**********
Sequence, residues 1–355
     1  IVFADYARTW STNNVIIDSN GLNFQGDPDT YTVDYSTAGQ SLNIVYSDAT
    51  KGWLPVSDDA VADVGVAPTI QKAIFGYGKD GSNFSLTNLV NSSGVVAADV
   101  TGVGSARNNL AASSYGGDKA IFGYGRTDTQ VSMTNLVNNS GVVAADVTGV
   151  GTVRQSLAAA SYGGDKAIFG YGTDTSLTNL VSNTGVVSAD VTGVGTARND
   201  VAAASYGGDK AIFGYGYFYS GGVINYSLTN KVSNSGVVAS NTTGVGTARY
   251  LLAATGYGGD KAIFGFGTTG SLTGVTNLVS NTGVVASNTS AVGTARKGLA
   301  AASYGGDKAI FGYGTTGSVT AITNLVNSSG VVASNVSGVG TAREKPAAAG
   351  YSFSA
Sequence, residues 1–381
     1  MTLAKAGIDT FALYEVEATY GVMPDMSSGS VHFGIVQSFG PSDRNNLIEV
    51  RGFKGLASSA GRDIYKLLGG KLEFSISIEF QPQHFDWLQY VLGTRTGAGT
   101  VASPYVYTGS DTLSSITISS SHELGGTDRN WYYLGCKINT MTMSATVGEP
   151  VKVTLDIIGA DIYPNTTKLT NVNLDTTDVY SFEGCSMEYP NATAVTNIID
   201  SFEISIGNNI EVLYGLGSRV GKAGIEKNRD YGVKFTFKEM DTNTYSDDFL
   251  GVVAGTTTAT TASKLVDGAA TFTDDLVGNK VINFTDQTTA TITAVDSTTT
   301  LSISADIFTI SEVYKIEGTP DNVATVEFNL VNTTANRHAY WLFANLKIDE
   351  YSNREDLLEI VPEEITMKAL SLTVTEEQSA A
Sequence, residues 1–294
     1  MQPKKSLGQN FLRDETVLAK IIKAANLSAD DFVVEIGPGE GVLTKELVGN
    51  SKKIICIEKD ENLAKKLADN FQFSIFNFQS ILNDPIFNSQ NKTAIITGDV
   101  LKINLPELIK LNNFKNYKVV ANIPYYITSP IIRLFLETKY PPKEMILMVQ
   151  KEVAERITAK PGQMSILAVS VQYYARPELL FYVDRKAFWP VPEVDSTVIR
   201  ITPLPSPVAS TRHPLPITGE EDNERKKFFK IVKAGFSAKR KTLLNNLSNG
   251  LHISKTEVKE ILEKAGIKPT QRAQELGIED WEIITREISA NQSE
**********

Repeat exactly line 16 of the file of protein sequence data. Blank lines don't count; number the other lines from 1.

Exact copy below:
   251  GVVAGTTTAT TASKLVDGAA TFTDDLVGNK VINFTDQTTA TITAVDSTTT